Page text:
Molto bene in Milan!
There are three things you can always count on if you are lucky enough to attend Vitrum, the Italian glass show in Milan, Italy: high style, great food and new product introductions, especially machinery.
This year's event lived up to all three. Everything from the decorative entrance displays fashioned of glass chips and plantings, to the people (business suits, please!) conveyed an elegance most trade shows don't even try to approach. Milan is, after all, a leading fashion capital of the world.
As for the food, my taste buds and their memories attest that Vitrum 2011 was the all-time best show I've ever attended in 20-plus years, thanks to the first annual Vitrum Gourmet Festival. Usually, I shed a pound or two making trade show rounds, too busy for anything but a granola bar on the run. This show was different; make that Michelin- star-chef-spectacularly-different. Four prominent Italian chefs each prepared a multi-course feast for each of the four days. A special and very elegant "restaurant" was set up in Hall 22 with white linen tables surrounding a glass art showcase and a full-wall screen projection of the chefs and their edible artworks.
Right. So now I come to the third and most crucial item you can count on: new product introductions.
Now in its 17th year, the GIMAV-sponsored Vitrum is renown for being the venue where Italian exhibitors introduce truly new products. Call it, orgoglio, the Italian word for pride. Not surprisingly, most of the other exhibitors from around the world follow suit.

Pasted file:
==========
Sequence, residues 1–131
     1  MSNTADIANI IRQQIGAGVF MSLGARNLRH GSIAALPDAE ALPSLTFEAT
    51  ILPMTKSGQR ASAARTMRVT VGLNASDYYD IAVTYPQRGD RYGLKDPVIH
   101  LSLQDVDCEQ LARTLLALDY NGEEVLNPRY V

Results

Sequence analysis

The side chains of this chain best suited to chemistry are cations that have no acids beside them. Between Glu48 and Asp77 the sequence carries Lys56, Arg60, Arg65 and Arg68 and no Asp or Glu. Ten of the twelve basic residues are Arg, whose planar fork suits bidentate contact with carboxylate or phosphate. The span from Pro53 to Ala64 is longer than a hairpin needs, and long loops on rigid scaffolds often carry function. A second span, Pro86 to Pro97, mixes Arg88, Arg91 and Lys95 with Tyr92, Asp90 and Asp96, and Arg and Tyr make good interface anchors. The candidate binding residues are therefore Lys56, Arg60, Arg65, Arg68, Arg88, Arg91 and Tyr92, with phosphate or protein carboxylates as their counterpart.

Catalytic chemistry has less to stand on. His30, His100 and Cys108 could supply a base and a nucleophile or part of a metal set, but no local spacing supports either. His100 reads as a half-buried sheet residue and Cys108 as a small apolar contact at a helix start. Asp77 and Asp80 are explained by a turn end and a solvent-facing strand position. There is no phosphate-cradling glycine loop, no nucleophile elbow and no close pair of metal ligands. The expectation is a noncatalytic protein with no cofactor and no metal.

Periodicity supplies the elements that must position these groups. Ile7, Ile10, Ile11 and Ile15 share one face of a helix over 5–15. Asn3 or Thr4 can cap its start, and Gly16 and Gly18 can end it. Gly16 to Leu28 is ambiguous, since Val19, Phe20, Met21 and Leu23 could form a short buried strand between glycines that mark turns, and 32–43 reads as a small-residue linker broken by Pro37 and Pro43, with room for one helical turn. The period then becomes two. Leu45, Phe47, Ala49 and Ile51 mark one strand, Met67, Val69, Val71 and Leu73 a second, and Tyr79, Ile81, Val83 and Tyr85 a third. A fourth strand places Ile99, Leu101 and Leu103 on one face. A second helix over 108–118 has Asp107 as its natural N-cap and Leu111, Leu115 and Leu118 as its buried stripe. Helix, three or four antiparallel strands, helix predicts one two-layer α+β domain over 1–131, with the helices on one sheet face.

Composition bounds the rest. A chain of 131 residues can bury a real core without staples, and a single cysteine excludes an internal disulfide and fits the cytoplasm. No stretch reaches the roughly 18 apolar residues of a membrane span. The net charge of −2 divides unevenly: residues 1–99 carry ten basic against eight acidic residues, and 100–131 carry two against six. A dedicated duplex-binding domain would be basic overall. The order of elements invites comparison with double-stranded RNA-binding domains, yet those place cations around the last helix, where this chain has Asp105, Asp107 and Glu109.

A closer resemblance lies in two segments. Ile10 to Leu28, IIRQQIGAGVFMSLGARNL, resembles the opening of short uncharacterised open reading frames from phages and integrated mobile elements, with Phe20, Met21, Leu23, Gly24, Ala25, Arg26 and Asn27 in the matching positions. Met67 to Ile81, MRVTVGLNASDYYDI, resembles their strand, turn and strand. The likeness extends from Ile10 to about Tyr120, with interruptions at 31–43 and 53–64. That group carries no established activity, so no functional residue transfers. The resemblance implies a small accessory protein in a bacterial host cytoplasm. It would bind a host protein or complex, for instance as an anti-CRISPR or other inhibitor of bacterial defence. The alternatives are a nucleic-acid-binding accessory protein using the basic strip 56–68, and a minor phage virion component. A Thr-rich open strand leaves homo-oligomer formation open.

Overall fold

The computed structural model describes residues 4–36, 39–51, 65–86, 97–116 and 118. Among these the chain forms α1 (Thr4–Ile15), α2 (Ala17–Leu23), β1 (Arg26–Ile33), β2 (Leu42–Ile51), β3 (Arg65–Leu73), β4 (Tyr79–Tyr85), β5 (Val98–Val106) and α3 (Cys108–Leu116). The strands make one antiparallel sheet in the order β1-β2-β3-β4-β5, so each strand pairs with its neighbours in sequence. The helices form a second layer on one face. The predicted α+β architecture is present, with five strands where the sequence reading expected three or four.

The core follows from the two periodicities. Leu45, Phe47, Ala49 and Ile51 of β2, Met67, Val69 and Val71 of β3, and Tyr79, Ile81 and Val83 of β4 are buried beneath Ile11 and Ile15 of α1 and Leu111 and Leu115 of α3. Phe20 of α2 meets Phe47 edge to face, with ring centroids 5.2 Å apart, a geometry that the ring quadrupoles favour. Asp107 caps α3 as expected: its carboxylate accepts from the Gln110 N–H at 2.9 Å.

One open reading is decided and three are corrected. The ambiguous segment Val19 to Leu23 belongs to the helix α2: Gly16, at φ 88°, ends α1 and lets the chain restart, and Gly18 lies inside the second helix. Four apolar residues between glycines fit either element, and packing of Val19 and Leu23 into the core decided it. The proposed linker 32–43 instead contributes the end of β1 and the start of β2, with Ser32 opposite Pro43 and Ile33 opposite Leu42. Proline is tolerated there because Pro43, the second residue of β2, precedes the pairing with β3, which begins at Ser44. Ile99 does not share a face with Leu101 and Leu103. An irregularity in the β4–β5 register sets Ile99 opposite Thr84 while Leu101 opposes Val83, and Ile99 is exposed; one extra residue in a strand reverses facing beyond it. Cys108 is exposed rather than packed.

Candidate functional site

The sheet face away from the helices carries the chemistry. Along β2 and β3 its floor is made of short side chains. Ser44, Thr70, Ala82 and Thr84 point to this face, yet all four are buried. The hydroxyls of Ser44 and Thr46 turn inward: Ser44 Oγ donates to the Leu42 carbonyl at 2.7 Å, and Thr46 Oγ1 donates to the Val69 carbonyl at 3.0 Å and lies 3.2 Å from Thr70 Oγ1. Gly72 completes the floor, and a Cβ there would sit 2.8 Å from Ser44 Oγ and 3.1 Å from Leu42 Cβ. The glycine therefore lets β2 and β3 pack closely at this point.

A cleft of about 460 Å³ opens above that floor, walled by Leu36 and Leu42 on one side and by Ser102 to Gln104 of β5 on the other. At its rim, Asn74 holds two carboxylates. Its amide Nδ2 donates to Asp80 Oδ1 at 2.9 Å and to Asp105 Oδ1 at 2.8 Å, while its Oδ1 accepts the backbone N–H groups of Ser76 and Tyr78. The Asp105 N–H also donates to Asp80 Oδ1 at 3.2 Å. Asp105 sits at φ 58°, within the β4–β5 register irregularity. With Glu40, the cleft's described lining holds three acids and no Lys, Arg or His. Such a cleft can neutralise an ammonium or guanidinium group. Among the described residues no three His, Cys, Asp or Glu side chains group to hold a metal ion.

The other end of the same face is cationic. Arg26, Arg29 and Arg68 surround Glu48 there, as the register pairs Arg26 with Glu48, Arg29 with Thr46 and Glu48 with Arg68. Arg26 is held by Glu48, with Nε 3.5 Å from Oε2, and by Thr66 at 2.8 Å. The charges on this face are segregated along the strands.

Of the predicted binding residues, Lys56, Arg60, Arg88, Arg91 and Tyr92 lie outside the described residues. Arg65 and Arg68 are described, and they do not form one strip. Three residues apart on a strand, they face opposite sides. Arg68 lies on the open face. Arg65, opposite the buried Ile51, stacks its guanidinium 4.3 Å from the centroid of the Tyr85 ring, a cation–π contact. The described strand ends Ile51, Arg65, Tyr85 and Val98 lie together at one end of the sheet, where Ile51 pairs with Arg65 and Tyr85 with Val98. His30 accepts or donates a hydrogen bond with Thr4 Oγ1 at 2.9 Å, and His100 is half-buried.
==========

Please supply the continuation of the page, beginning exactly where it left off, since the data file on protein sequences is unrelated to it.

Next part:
New product introductions are the core of any trade show, but these lean days, it's so much more impressive when you see it first-hand. The buzz and energy when you walk into a stand and start talking to the salespeople and technicians who want to show you what they have is jet-lag dissolving. It even helps you refocus when you're waiting for the espresso shot to kick in after the three-course lunch (with wine, no less). It's a fine thing that Vitrum and GlassBuild America are marketing partners. I'm proud to note, too, that NGA's print and electronic publications are highly regarded in a worldwide marketplace crowded by so many industry magazines.
So, if you missed Vitrum this year, I strongly encourage you not to make the mistake in Fall 2013. I'll be marking my calendar as soon as the dates are set.
Harris is publisher of Glass Magazine and vice president of publications for the National Glass Association. Write her at firstname.lastname@example.org.